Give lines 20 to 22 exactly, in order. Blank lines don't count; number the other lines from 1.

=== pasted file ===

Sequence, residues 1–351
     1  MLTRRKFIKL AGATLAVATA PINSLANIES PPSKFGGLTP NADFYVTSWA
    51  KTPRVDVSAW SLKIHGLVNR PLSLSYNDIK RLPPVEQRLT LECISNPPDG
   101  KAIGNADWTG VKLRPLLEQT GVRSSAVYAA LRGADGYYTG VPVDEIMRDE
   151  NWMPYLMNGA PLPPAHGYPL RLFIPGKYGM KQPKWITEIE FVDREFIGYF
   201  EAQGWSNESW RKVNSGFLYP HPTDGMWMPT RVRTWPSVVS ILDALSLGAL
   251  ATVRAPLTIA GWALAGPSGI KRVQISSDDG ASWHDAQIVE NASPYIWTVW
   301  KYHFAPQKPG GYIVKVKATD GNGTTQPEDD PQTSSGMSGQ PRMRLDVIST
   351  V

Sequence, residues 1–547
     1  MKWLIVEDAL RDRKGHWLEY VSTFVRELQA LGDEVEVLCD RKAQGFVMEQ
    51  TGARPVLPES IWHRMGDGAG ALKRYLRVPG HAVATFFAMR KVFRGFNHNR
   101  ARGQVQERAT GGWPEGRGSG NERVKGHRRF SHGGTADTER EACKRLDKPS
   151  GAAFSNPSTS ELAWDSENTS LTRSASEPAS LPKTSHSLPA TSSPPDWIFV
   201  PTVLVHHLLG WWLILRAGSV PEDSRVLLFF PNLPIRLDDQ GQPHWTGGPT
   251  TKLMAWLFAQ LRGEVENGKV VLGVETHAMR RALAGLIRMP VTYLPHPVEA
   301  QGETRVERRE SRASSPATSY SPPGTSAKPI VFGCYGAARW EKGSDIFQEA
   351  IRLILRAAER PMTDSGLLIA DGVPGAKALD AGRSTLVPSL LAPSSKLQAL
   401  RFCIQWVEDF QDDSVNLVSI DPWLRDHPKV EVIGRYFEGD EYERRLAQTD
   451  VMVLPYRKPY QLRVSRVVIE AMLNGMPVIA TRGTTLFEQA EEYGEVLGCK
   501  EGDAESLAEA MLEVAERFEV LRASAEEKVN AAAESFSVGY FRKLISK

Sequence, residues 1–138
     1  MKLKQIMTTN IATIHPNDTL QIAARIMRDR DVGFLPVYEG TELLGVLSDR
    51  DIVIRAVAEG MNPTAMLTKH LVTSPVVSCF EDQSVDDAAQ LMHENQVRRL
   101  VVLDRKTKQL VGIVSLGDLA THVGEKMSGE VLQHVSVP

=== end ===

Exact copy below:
   451  VMVLPYRKPY QLRVSRVVIE AMLNGMPVIA TRGTTLFEQA EEYGEVLGCK
   501  EGDAESLAEA MLEVAERFEV LRASAEEKVN AAAESFSVGY FRKLISK

Sequence, residues 1–138